Sociology Index

INDICTABLE OFFENSES

Indictable offenses are the most serious category of crime, carry substantial criminal penalties, and are usually tried in higher courts often before juries. Indictable offense is an offence that makes a person liable to indictment with trial by jury.

An indictable offence can only be tried on an indictment after a preliminary hearing to determine whether there is a prima facie case to answer or by a grand jury. In trials for indictable offences, the accused normally has the right to a jury trial, unless he or she waives that right. Indictable offense is the opposite of summary offense. To indict is to bring a charge against or accuse a person of a crime, or as a culprit by legal process.

An indictment consists of a short and plain statement of the time, place and manner in which the defendant is alleged to have committed the offense. An indictment is a formal accusation that a person has committed a criminal offense. An indictment is given by a grand jury, which returned a "true bill" if it found cause to make the charge, or "no bill" if it did not find cause.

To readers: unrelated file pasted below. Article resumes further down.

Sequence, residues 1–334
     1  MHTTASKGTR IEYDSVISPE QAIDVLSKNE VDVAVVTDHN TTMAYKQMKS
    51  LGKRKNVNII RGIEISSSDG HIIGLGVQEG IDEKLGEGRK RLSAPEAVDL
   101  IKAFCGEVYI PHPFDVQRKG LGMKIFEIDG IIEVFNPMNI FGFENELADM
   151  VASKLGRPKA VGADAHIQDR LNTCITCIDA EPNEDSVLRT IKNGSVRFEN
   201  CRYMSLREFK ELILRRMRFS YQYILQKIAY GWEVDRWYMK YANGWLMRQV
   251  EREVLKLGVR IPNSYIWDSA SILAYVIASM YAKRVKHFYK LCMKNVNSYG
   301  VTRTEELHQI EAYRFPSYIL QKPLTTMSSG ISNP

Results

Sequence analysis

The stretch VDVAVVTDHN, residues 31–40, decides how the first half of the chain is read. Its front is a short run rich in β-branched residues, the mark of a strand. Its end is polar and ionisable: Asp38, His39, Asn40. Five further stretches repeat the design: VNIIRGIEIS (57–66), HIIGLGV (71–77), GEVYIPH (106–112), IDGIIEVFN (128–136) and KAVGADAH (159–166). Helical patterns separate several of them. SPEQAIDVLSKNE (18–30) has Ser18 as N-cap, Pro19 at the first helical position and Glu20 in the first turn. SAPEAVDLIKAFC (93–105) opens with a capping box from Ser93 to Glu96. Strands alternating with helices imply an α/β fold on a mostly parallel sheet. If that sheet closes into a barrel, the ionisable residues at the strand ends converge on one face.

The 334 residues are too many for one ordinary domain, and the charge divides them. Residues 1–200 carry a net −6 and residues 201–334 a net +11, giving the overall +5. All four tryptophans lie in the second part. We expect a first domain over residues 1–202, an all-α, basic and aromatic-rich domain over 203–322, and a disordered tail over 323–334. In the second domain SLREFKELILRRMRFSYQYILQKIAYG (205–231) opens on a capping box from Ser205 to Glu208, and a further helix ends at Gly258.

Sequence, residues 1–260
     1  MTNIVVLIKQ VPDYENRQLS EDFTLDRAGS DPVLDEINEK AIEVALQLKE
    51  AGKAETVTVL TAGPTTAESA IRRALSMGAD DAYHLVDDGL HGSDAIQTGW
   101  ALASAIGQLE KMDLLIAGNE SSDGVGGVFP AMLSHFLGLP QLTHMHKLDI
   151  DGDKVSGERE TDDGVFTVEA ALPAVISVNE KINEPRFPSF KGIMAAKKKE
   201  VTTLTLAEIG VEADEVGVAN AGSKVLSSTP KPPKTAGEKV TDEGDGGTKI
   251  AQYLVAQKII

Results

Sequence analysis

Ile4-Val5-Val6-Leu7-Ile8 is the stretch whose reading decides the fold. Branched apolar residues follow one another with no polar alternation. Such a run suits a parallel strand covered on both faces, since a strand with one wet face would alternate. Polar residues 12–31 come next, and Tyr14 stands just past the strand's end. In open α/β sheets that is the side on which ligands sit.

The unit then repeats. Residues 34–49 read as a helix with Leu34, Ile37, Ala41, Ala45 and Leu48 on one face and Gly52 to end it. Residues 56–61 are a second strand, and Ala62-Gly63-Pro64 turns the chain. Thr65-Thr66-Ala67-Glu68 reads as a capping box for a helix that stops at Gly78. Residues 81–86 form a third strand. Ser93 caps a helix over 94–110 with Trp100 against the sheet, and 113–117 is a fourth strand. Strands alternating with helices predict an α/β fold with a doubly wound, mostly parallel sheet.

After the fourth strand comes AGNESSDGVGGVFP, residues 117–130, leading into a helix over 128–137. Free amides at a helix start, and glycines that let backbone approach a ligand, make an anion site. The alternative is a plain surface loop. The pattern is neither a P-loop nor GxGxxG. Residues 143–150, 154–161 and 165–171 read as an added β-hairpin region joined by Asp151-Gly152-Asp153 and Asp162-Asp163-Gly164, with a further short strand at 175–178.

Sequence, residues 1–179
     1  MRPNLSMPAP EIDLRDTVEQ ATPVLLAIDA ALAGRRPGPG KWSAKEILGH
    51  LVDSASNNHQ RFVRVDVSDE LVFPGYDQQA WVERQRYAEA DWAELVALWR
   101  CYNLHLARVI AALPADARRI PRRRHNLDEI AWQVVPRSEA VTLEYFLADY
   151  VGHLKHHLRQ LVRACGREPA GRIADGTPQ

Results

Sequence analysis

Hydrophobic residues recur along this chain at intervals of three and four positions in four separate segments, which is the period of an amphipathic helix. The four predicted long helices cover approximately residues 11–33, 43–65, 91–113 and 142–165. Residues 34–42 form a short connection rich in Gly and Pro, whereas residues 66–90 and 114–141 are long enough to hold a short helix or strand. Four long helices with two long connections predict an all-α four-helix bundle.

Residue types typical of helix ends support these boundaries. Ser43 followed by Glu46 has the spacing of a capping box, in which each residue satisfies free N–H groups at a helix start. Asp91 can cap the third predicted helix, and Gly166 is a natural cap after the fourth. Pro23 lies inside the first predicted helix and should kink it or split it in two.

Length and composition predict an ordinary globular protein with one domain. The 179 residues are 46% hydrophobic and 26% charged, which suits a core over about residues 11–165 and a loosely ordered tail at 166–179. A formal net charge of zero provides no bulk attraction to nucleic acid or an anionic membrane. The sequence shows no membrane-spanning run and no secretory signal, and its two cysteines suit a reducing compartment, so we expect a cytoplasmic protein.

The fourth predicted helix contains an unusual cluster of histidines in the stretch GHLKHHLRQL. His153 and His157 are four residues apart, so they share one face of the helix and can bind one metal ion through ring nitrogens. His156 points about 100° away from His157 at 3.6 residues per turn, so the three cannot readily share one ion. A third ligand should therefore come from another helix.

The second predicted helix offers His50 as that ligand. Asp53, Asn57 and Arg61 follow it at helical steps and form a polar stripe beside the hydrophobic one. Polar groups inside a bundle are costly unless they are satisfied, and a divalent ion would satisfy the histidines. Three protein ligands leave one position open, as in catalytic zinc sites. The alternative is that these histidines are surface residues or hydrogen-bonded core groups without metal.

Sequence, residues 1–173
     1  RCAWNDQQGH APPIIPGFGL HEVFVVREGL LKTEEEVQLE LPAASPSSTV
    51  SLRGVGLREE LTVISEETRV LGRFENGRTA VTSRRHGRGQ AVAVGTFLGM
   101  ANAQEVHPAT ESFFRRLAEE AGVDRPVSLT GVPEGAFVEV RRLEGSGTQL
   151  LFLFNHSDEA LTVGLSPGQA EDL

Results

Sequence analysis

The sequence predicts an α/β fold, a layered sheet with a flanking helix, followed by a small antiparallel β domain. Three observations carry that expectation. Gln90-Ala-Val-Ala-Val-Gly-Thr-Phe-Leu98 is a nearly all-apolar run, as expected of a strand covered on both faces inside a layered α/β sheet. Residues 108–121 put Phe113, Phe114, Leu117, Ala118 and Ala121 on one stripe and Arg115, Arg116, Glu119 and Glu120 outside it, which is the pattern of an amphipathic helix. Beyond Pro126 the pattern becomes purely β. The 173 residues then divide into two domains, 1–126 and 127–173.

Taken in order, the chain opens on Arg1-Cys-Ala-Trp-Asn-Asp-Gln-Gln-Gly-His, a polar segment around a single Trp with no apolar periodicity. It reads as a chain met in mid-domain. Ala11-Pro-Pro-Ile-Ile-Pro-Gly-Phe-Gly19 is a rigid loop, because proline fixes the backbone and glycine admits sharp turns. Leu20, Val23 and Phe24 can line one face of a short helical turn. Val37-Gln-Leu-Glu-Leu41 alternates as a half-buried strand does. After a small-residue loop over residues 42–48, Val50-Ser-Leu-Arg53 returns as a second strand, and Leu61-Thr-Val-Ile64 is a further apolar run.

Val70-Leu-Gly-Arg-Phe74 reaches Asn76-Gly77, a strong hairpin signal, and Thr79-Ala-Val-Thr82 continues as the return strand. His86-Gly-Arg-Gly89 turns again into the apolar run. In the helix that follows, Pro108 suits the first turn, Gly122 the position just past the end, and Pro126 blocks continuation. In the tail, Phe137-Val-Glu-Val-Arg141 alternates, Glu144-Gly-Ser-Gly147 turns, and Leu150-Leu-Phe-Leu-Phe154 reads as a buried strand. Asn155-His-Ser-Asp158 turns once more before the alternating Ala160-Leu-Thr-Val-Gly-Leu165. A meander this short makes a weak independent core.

"No person shall be held to answer for a capital, or otherwise infamous crime, unless on a presentment or indictment of a Grand Jury, except in cases arising in the land or naval forces, or in the Military when in actual service in time of War or public danger..." - The Fifth Amendment to the Constitution of the United States.

In jurisdictions that retain the grand jury, prosecutors often have a choice between seeking an indictment from a grand jury, or filing a charging document directly with the court. Such a document is usually called an information, accusation, or complaint, to distinguish it from a grand jury indictment.

In a direct indictment, the case is sent directly to trial before a preliminary inquiry is completed or when the accused has been discharged by a preliminary inquiry. Direct indictment is an extra-ordinary power where an error of judgment is seen to have been made in the preliminary inquiry.